Rep. Stan Parris abandoned his expensive, struggling Republican campaign for Virginia governor yesterday, clearing the way for Republican Wyatt B. Durrette and Democratic state Attorney General Gerald L. Baliles to oppose each other once again, this time for the state's top office.
"In the words of singer Kenny Rogers, 'you have to know when to hold 'em and know when to fold 'em,' " Parris told reporters at a hastily called news conference in his Capitol Hill office. "Now is the time to fold 'em."
Parris, in a surprise reversal of his repeated vows to take his campaign to the Republican nominating convention May 31, endorsed Durrette, conceding he does not have enough statewide support to beat the Richmond lawyer.
Parris' decision to end his million-dollar campaign sets the stage for a race between Durrette and Baliles, who narrowly beat Durrette in their 1981 race for state attorney general.
Both candidates are considered moderates within their own parties and are expected to mount costly media-centered campaigns this fall to replace Democratic Gov. Charles S. Robb, who cannot succeed himself.
The Northern Virginia congressman's announcement came only five days after Lt. Gov. Richard J. Davis, 63, gave up his own faltering attempt to win the Democratic nomination for governor.
Parris' withdrawal from the race allows both parties to gear up their gubernatorial campaigns almost a month before their nominating conventions.
"This was a difficult but responsible decision by Stan," Durrette said in a statement. "It will give the Republican Party, however, a full month to take advantage of unity at the top of the ticket."
As recently as Friday, Parris, 55, said he would not give up his campaign, despite warnings from several key supporters and staff aides that he could not win and requests from state Republican Party leaders that he pull out of the race.
"The potential for some real party divisiveness was very high," said John T. (Til) Hazel, a Fairfax developer and a major Parris contributor. "He might have squeaked something out . . . but when you get in that position there are a lot of downside risks."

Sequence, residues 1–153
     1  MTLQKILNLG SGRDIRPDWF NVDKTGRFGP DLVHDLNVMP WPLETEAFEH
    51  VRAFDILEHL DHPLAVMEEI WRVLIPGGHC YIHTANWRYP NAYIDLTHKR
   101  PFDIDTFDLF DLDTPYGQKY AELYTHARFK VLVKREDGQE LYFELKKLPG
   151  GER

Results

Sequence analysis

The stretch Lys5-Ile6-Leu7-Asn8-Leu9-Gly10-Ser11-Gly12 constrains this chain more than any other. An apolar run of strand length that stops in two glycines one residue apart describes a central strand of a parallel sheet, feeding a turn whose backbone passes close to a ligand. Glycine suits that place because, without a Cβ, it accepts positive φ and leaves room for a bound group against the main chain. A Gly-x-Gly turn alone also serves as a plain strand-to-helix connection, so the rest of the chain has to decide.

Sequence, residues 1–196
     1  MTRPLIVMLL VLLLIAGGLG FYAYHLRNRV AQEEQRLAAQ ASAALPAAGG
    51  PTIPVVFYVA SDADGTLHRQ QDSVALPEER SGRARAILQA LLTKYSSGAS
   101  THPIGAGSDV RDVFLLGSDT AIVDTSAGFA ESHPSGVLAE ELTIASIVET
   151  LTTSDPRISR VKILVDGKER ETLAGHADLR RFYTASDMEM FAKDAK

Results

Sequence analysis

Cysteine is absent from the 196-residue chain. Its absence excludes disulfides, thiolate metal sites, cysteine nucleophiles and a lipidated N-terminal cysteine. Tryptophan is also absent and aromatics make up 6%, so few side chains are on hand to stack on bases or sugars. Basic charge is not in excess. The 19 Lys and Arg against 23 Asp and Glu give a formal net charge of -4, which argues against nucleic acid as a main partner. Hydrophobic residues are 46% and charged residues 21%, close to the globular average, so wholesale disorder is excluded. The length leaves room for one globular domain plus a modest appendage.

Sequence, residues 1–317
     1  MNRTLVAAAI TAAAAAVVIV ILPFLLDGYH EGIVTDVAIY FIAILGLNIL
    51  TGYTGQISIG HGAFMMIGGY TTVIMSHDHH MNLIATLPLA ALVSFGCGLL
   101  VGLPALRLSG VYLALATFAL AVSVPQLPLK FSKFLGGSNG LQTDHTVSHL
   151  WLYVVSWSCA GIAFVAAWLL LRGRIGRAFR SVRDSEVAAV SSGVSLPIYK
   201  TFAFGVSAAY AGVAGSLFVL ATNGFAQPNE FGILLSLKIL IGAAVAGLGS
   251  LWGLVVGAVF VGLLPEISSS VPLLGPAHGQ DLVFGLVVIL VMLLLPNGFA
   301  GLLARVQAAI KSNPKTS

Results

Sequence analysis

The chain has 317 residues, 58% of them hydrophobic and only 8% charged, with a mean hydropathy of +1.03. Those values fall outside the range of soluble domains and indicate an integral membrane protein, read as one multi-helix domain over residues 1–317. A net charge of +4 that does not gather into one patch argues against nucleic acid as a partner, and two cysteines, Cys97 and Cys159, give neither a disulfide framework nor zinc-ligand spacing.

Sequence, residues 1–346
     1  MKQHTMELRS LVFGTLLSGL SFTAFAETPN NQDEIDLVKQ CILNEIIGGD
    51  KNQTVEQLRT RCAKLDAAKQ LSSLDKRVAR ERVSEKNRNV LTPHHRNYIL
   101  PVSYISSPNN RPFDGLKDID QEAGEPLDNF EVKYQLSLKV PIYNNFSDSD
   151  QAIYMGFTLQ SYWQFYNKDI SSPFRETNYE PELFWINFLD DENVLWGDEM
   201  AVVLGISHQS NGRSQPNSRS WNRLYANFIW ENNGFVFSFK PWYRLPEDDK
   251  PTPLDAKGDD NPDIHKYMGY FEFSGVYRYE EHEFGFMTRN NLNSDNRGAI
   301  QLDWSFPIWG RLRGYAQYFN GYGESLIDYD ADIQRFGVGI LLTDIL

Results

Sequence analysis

Parris said yesterday that his unsuccessful attempt Saturday to win all 111 votes from Prince William County, part of his congressional district, was instrumental in his decision.
Parris said his telephone polling of uncommitted delegates also showed his candidacy was weak elsewhere.
"The question has always been, can I run far enough and fast enough to catch up and win," said Parris, noting that only a few delegate selection meetings are scheduled before the Norfolk nominating convention.
"I have reluctantly concluded that the answer is no, we have not come far enough, fast enough," he said.
Television evangelist Jerry Falwell's recent endorsement of Durrette also was eroding much of Parris' support in the coming Tidewater area delegate selection meetings, Parris said.
Parris' campaign began in November, just after he won his fourth term in the House of Representatives. It was fueled by massive campaign contributions from Northern Virginia developers.
But in recent weeks the Parris campaign has fizzled as Durrette, 47, a former Fairfax County state delegate, repeatedly outdistanced the congressman at delegate selection meetings across the state. The turning point came in early April when Parris failed to win the entire block of votes in Fairfax County, which includes part of his district.
Hazel, a close friend of Parris', said "the turning point in my mind came even before that" with Parris' poor showing in earlier mass meetings and his failure to win key endorsements from party officials.
Although Parris said he made his final decision to pull out of the race at his Capitol Hill office Tuesday afternoon, he spent several hours at Hazel's Fauquier County farm Sunday morning, trout fishing and discussing the campaign.
Hazel, who the Parris staff said has contributed at least $100,000 in financial backing and services to the campaign, said he had been discussing with Parris the possibility of withdrawing for the past month.
"I was afraid of blind will prevailing while you march off the cliffs," said Hazel. He said he and Parris drank two pots of coffee during their Sunday discussions. "Stan hates to quit," he added.
Durrette campaign officials said Hazel told them Monday to expect an announcement this week on the race.
"I believe that I have done well," Parris told reporters. "I don't regret a day of it." He said he will now turn his attention to his next reelection bid for Congress: "I'm looking to '86 starting half an hour from now.